I run. I eat. I travel.

Well, here’s a powerful reminder to actually think about the race choices I make. Monday night before my half marathon I got asked whether I’d like to replace a team member at an obstacle course. An easy 8k. Nothing too bad. Not that any of the team members had done that race before.

I thought about how I’d actually like to make it through my 21k on Sunday and then did the thing that any runner running for pure fun and enjoyment would do: I said yes.

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So here’s what I thought I’d do: let’s say the running takes me around 50+ minutes, throw in a few obstacles and a hill, maybe some waiting time and we’re at a duration of 1:15h max. Didn’t sound too bad or strenuous before my half. All good then.

 

Aaaaand here’s what really happened:

That was the toughest race I’ve ever done. Ever. No matter the distance. Oh. My. God.

It started out easy enough. Crawl under some obstacles, climb a wall and jump off, get into a pool filled with freezing mud, all good to get the heart rate up but nothing too bad. The run around the other half of the court was great and then things started to get… jungle-y. It was all hills up, hills down, here’s a rope so you don’t tumble down that slope and use your hands to climb up the inclines and hold on to roots to get yourself up there. I think I actually ran less than a kilometre, the rest was up and down and up and down all over again.

 

At km 1 I literally wanted to cry. A frickin kilometre has never seemed as far is it had that day.

At km 2 I cut my hand.

At km 3 I was more than excited to see food and drinks.

At km 4 I was not entirely sure I was ready to do a second loop.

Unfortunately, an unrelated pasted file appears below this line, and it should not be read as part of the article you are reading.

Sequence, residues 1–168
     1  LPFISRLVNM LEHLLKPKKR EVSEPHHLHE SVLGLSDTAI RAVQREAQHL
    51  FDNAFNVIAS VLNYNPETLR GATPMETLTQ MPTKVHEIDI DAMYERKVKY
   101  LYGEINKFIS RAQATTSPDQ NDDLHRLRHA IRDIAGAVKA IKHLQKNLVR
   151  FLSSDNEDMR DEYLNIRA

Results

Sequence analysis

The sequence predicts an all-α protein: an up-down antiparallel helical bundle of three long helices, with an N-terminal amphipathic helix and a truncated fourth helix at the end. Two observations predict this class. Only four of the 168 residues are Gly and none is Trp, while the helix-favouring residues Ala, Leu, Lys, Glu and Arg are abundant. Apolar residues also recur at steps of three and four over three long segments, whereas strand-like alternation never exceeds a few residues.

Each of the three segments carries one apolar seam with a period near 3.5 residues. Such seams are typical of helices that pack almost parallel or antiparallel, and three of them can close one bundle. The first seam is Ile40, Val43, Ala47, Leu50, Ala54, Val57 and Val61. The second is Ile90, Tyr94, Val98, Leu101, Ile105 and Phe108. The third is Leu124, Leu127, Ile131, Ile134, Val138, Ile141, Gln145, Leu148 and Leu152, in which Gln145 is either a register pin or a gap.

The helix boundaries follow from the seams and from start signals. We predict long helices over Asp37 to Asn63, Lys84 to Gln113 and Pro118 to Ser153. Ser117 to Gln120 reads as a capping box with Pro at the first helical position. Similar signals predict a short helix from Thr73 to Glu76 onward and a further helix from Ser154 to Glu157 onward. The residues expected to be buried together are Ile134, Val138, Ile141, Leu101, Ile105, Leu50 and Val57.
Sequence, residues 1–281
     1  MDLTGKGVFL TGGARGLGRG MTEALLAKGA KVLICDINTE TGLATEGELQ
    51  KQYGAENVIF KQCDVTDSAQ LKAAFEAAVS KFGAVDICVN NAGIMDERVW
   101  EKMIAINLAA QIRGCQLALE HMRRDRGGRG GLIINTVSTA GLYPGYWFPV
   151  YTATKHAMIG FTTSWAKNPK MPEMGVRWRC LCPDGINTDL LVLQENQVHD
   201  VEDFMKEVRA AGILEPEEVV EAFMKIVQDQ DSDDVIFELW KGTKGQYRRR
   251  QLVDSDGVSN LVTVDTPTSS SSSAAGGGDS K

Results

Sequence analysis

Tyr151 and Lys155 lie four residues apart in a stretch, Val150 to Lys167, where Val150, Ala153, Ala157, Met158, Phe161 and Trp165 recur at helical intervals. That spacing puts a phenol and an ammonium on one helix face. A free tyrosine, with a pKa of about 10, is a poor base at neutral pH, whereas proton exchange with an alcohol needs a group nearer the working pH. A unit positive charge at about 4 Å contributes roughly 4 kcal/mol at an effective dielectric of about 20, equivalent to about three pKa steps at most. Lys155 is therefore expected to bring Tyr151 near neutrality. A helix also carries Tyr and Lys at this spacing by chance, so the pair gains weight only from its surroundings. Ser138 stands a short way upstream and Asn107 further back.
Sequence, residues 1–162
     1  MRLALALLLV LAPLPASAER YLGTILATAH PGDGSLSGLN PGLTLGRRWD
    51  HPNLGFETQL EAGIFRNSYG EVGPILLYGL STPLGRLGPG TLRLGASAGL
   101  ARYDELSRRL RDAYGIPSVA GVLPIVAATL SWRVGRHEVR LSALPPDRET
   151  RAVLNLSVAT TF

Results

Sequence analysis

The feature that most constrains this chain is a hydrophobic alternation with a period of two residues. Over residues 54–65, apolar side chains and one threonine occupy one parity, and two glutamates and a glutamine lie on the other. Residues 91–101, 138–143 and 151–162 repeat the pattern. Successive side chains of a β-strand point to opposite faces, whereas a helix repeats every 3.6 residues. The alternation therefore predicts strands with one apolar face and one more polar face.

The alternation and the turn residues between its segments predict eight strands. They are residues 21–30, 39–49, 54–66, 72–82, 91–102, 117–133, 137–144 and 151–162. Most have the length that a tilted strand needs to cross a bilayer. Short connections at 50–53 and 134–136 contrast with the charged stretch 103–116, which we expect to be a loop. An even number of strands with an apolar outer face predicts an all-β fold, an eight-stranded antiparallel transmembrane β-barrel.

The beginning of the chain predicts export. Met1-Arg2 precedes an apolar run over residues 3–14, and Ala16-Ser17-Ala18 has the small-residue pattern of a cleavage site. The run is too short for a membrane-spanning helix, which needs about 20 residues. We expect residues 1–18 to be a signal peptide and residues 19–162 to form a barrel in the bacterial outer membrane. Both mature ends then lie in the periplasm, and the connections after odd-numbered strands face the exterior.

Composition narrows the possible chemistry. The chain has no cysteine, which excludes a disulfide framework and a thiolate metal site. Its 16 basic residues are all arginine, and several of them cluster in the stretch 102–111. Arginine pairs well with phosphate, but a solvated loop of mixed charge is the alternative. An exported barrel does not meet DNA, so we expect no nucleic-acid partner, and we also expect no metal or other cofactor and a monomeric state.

At km 5 I was doing it. (Here’s to being stubborn and not giving up.)

At km 6 I heard the winners were safe and sound back at the finish line. Great for them.

At km 7 my left knee was over it. It was painful at every step that I took downwards.

At km 8 – and a crazy 2:11h later – I made it to the finish line. No pauses, no energy left and no spot on my body not covered in mud.

Also: I was super proud that I fought through it and excited about the medal that was also covered in mud shortly after.

 

Apparently, one of the girls on our team won the race in an incredible time of 1:21h – training for an Ironman gives you supersonic speed as it looks like. I’m totally in awe and incredibly impressed.

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That night, I joined my running girls for a pasta party and was so exhausted that I wasn’t even hungry anymore. Whoa. That was new. I’m never not hungry. Seriously. The gloriously sweet panna cotta brought some life back though.

At home, my knee got some nice tape work after my shoes and I enjoyed a loooong hot shower. The start of my half marathon was less than 12 hours away by that point and looking as unlikely as ever.